Directed by John Cromwell for WB, Caged can probably be described as the mother of all women-in-prison movies. Carl Guthrie was cinematographer and visually the movie gets the full Noir treatment. Despair is all around. It’s a depressing, gloomy and chilling movie. Prison is a dark and dank place, claustrophobic, overfilled, without hope. Guthrie effectively evokes the horrors of prison life, he beautifully lights the narrow corridors, prison bars, solitary cells and nocturnal terrors that frighten new inmates.

Caged is based upon a real-life exposé by writer Virginia Kellogg who went undercover in several prisons to gather first-hand information about life inside. Kellogg wanted authenticity and an honest portrayal, and she got it too. She witnessed horrific conditions, like cold water baths, hair shearing and beatings.

Unfortunately Caged is so often remembered as a precursor for all later women-behind-bars exploitation flicks. Most of those romp around on the low and sleazy end of the genre spectrum (not that there’s anything wrong with that). To its own detriment, nowadays Caged can be found in WB’s Cult Camp Classic Boxed Set No. 2, together with the unspeakably bad Trog…clearly a colossal blunder on the part of the distributors. How this error in judgment came about is anyone’s guess. Caged is NOT camp, it’s not a cartoon, it’s not a sexploitation schlock fest, but a fine and poignant film. It takes itself and its message seriously. What we get is a very good film written, acted and shot realistically. A message picture with the kind of social commentary WB specialized in, harking back to the 30s.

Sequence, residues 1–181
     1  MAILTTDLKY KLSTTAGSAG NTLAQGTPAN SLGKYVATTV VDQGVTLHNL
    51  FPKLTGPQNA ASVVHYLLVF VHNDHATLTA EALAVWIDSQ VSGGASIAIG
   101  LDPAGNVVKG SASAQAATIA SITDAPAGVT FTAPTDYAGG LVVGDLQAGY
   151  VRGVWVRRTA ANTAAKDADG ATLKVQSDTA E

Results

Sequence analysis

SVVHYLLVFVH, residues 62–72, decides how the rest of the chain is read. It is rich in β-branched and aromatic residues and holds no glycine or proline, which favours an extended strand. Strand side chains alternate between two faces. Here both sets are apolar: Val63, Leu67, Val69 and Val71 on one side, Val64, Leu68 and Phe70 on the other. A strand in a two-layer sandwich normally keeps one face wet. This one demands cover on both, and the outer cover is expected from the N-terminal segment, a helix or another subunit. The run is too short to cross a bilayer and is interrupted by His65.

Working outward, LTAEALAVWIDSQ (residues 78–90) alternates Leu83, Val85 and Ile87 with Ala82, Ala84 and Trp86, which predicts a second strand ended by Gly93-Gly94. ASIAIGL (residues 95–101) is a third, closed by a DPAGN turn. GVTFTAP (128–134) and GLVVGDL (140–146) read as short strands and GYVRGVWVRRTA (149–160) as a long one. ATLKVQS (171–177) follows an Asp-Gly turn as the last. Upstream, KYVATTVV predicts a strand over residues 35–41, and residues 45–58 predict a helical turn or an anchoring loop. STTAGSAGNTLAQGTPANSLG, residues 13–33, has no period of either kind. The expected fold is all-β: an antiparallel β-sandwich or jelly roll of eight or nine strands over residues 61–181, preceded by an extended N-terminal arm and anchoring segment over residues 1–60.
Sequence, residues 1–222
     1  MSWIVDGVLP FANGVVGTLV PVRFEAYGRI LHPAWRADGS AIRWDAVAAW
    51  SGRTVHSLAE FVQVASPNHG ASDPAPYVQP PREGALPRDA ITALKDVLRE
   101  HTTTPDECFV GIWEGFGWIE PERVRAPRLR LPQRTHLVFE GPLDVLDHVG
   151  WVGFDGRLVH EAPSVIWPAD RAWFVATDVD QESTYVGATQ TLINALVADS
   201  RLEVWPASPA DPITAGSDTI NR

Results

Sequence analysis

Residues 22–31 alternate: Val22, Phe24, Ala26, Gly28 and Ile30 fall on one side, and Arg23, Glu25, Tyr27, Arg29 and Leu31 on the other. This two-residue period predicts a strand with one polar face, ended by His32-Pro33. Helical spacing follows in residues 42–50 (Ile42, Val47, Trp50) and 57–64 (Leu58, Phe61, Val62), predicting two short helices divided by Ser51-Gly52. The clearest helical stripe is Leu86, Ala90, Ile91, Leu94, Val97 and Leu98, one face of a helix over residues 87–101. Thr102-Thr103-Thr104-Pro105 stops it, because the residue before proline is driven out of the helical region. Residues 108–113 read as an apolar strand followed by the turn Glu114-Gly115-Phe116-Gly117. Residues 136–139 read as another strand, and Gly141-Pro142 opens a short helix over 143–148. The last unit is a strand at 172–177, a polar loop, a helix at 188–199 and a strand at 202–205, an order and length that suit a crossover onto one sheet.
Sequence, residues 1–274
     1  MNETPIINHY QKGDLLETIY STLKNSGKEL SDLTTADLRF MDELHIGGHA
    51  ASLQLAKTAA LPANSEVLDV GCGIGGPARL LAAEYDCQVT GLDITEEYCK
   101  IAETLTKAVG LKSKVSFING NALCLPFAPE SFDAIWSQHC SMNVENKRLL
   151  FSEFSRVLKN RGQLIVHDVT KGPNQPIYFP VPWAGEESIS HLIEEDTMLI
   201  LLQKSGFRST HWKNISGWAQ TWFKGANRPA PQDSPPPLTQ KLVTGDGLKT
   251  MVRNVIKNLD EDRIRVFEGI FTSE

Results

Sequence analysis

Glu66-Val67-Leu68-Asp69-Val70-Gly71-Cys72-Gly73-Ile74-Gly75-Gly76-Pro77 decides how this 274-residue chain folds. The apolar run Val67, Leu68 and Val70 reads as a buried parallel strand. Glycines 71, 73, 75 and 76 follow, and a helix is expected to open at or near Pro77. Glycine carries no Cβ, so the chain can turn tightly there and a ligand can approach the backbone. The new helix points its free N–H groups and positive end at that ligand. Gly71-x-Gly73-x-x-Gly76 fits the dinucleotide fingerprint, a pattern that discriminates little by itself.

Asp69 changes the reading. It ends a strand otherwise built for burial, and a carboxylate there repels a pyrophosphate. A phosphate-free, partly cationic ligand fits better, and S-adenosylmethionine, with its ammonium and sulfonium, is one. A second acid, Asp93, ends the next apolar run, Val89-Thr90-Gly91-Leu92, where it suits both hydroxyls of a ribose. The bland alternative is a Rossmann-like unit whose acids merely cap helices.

Caged wasn’t the first women-in-prison movie, but it did have many elements - now considered camp stereotypes - from which practically every future variation on that story took its cue and which quickly descended into parody: innocent behind bars, the sadistic warden, the titillating shower scenes, the riots, the implied lesbianism. These oft-repeated cliches caused the public to assume that any film about women in prison couldn't be taken seriously. But these subject matters can also be the stuff of serious drama and Caged avoids the pitfalls of tropes. Sure, the movie is occasionally melodramatic and insinuating though never exploitative.

Glamour was not permitted on the set. Producer Jerry Wald was adamant in his view that none of the women should wear make-up of any kind at all to give the film the documentary feel he wanted.

The plot is simple: Naive young widow Marie Allen (Eleanor Parker), convicted as an unwilling accomplice to a robbery her husband committed because she was in the car at the time, hardens when she enters prison, where a sadistic warden (Hope Emerson) makes life hell for anyone unwilling or unable to ply her with bribes.